|Propagation||Talea (sowing coerulea)|
|Use||Vase, full ground (in the South and on the coasts)|
The plant likes very bright positions, which enjoy direct sunlight for a few hours; if placed in full sun for the whole day in the hottest periods of the year it is slightly shaded. Especially the young plants fear the cold, so it should be planted in a sheltered place from the winter winds and repaired with tnt in places with cold winters, or withdrawn at home or in a cold greenhouse. Overly shaded positions cause a shortage of flowers, while the sun favors the production of new inflorescences.
The plumbago always wants an extremely bright position, even if, especially in the summer months and in the southern regions, the direct sun can cause stress.
The potted plants, in spring and autumn, can be placed south or west, but they will benefit, from June to mid-September, if they are moved where they are reached by the sun only in the morning and late afternoon.
The specimens in the open ground, being able to develop a deeper root system, suffer less the heat, but it is advised to insert them where they are repaired, at least in the central hours of the day.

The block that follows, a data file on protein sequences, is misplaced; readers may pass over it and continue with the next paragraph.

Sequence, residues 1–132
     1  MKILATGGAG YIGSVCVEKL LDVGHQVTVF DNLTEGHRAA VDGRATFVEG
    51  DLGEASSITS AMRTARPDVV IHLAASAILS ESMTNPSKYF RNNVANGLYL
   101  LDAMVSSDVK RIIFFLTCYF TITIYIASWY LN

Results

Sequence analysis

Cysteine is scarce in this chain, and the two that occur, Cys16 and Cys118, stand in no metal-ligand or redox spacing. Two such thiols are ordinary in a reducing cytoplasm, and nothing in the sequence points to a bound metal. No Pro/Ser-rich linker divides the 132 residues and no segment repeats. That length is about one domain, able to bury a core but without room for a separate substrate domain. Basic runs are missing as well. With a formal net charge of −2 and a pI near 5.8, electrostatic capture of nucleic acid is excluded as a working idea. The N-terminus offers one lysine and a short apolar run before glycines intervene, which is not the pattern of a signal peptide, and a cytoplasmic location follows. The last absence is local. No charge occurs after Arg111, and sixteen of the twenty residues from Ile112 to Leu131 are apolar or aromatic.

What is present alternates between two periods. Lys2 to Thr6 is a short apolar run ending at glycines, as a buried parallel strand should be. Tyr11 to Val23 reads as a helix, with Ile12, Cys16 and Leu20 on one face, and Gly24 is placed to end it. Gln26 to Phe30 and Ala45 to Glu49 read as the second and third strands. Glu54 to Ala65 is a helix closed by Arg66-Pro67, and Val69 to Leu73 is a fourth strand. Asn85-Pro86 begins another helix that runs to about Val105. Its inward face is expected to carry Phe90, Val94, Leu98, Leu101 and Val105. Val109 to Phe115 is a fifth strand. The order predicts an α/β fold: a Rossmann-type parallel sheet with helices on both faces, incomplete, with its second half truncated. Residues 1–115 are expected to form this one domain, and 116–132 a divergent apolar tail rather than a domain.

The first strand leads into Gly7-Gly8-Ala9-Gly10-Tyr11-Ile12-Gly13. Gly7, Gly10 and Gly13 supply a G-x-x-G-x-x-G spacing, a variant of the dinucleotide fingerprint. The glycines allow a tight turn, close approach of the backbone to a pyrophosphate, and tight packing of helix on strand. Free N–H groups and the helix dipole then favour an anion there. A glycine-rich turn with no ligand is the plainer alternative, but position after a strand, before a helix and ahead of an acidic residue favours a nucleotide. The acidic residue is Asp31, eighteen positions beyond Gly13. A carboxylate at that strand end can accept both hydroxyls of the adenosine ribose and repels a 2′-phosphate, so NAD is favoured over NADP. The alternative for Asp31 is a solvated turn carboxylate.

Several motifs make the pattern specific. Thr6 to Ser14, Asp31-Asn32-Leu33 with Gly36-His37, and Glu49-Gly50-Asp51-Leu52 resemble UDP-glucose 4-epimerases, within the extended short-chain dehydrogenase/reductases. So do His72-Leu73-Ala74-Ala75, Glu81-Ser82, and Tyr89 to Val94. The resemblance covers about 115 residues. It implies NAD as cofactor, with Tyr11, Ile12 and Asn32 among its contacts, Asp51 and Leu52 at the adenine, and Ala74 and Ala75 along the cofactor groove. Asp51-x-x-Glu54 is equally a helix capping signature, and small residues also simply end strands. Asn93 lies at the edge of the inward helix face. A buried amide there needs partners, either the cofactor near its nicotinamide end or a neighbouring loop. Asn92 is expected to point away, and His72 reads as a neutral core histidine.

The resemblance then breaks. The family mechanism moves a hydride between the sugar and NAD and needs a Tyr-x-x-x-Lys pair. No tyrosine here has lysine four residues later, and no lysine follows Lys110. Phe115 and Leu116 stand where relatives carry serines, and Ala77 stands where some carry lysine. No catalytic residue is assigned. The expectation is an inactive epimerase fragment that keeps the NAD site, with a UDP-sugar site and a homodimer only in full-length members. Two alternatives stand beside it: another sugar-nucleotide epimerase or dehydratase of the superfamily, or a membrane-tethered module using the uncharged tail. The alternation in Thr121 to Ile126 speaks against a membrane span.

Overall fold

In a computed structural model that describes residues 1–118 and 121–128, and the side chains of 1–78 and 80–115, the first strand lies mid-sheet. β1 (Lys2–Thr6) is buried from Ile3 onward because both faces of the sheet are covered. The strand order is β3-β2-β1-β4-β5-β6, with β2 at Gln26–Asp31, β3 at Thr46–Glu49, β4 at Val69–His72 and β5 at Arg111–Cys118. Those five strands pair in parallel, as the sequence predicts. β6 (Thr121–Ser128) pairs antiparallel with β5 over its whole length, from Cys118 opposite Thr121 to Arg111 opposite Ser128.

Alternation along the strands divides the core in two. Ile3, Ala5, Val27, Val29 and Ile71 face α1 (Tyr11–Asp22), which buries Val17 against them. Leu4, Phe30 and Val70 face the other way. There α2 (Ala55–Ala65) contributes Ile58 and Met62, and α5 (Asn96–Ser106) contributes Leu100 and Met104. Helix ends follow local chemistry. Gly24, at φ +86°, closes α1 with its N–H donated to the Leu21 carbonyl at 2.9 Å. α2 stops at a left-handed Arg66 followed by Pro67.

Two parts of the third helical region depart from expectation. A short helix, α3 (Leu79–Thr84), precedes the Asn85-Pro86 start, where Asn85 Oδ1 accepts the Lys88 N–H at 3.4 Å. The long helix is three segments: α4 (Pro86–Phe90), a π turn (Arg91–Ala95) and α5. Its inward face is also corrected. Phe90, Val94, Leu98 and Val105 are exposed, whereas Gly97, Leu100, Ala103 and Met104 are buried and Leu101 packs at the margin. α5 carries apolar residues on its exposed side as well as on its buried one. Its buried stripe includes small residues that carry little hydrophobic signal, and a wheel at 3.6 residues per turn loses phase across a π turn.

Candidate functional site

Piombiaggine plants need very regular watering, especially in July and August, it is advisable to water them daily, during the coolest hours of the day, or at least every time the dry soil is noticed. From March to October provide fertilizer for flowering plants mixed with the water of the watering every 7-10 days.
The blue jasmine tolerates drought well, but better results are obtained with well-hydrated plants. At the same time it is important not to exceed to avoid the onset of rot.
In the summer we irrigate every time the first 5 cm of soil are completely dry; in winter the operations must be diluted considerably and, usually, light administrations after 15 days are sufficient.
To recreate an optimal environment it is important to maintain high environmental humidity: before flowering occurs (the corollas are very delicate) we can vaporize the leaves several times a day. Following a good help will derive from slightly wetting the surrounding soil, especially during the hottest hours of the day.
For all uses we try to use demineralized or rainwater: we will avoid the occurrence of leaf chlorosis.
THE PLUMBAGO CALENDAR
|Pruning||November / March|
|Composting||From March to November, every 15 days|
|Talea||From April to the end of September|
|Sowing (plumbago coerulea)||January March|
Climate and winter protection